Anybody who comes into regular contact with children in the course of their work has a duty to protect their welfare. This duty applies to anybody, including school cleaners, kitchen staff, and caretakers.
It’s expected that anyone with regular contact with children should be able to identify and recognise when there’s a potential issue. So, understanding your responsibilities and the role you play in safeguarding is absolutely crucial.
It's extremely important that schools create environments where children feel safe and train staff in how to be approachable, spot potential issues and most importantly... address them.
Is Safeguarding Training mandatory for all school staff?
All school staff, no matter how junior or senior their role, must complete Safeguarding Training. However, different staff have different levels of training appropriate to them. As a minimum, school receptionists and cleaners should be trained to level 1, teachers and teaching assistants to level 2, and Head Teachers and DSLs to level 3.
Our current Safeguarding Children Training course covers both Levels 1 and 2.
Safeguarding responsibilities as a teacher/assistant and issues to look out for
Ultimately, safeguarding responsibilities are in place to keep children safe from harm - either from themselves and their choices, from other children, or from adults.
However, what exactly is “harm”? It’s a pretty vague term and it can be difficult to both protect children from harm whilst also allowing them the freedom to explore and learn for themselves. To help, we’ve produced a list of some of the key issues to look out for:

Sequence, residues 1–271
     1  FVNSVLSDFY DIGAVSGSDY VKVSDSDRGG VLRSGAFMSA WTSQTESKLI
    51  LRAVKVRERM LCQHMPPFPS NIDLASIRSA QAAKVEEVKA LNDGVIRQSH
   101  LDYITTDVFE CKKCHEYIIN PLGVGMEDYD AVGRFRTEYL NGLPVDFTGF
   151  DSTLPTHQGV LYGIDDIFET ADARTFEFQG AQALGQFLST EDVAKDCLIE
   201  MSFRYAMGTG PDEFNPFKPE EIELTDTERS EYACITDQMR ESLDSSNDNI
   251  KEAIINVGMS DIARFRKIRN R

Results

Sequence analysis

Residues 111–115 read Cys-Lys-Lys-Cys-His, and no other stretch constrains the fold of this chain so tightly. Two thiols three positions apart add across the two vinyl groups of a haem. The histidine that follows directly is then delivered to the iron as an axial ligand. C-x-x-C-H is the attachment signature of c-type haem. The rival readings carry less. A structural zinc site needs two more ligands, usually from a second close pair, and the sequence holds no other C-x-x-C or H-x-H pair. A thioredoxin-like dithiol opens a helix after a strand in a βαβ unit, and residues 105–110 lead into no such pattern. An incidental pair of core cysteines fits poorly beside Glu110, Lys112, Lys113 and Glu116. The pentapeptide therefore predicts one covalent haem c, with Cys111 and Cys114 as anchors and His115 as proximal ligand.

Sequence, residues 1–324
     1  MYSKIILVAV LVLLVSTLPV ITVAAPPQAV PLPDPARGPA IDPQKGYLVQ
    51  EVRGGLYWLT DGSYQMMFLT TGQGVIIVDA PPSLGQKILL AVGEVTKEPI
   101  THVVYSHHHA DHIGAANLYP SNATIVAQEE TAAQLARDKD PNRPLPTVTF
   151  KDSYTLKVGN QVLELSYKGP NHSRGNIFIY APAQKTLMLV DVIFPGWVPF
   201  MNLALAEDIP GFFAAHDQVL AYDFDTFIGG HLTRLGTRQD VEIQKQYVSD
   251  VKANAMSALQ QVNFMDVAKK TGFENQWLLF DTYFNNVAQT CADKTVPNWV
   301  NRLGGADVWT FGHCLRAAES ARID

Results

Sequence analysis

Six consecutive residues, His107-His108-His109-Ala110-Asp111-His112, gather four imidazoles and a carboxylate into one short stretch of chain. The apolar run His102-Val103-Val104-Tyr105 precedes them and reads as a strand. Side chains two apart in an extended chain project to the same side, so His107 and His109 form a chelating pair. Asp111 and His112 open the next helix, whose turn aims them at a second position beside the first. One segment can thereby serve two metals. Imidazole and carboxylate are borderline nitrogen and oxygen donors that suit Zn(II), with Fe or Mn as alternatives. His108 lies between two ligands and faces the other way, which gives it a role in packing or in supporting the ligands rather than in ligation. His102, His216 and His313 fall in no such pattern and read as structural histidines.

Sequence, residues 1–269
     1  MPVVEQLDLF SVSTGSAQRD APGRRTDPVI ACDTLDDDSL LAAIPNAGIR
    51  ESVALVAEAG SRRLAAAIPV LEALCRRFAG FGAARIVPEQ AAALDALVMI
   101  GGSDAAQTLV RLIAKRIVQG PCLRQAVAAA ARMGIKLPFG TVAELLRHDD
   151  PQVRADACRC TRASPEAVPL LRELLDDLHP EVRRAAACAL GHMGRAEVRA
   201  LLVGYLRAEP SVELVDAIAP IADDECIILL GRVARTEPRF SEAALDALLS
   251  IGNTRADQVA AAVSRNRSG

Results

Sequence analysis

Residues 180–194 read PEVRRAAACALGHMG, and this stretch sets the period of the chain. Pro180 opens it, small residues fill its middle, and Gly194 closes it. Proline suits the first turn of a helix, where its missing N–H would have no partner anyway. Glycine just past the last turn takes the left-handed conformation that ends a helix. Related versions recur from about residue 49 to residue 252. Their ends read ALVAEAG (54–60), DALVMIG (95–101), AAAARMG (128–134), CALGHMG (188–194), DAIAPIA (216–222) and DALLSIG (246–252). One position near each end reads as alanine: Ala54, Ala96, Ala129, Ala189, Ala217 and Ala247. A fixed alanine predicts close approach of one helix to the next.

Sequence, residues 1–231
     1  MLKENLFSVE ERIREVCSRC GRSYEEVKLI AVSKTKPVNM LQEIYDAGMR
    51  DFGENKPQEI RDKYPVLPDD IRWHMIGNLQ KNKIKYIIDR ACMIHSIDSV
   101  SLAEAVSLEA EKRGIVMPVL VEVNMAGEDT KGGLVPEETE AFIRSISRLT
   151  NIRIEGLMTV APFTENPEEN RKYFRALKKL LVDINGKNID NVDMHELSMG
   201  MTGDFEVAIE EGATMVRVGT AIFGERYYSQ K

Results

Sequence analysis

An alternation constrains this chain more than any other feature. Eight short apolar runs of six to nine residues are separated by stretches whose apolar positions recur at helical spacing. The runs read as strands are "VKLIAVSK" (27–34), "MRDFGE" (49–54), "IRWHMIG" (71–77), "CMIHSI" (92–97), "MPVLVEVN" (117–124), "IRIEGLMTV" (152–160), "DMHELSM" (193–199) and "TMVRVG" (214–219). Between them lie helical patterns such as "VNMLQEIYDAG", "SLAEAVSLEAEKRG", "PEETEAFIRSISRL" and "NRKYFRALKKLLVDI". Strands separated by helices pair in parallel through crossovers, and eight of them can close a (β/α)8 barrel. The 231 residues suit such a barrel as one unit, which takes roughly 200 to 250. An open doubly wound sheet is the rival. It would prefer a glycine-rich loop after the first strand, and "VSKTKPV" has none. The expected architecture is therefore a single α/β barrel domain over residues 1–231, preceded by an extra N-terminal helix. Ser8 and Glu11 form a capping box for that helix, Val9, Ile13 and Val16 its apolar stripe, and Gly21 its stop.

FGM (Female Genital Mutilation) - This is an illegal practice that is classed as child abuse in the UK. Typically carried out on young girls between the ages of four and eight, it is often performed in order to inhibit sexual feelings before they start puberty.
Radicalisation - Those working in schools have a duty under the Counter-Terrorism and Security Act 2015 to prevent students from taking part in terrorist activities. School staff have a responsibility to educate children on British Values to challenge any extremist views they might have.
Bullying - This can have a damaging effect on both the mental and physical health of children. It can happen anywhere, inside and outside of school. So, it’s essential that school staff understand when bullying becomes a child protection issue.
Self-harm - This often stems from other forms of abuse, including depression. It’s an issue which must be approached very delicately, and the response should be tailored specifically to the individual child.
CSE (Child sexual exploitation) - This can be any form of sexual abuse in a young person under the age of 18. It could be that they were physically forced, manipulated, or deceived into sexual activity with an individual or group.
Grooming - This is when somebody creates an emotional connection with a child in order to exploit them sexually, for criminal activity, or any other nefarious reasons. Offenders can be strangers or even somebody close to the child, so it’s important to keep a keen eye on the child to recognise the signs that grooming is taking place.
Do you need a Designated Safeguarding Lead?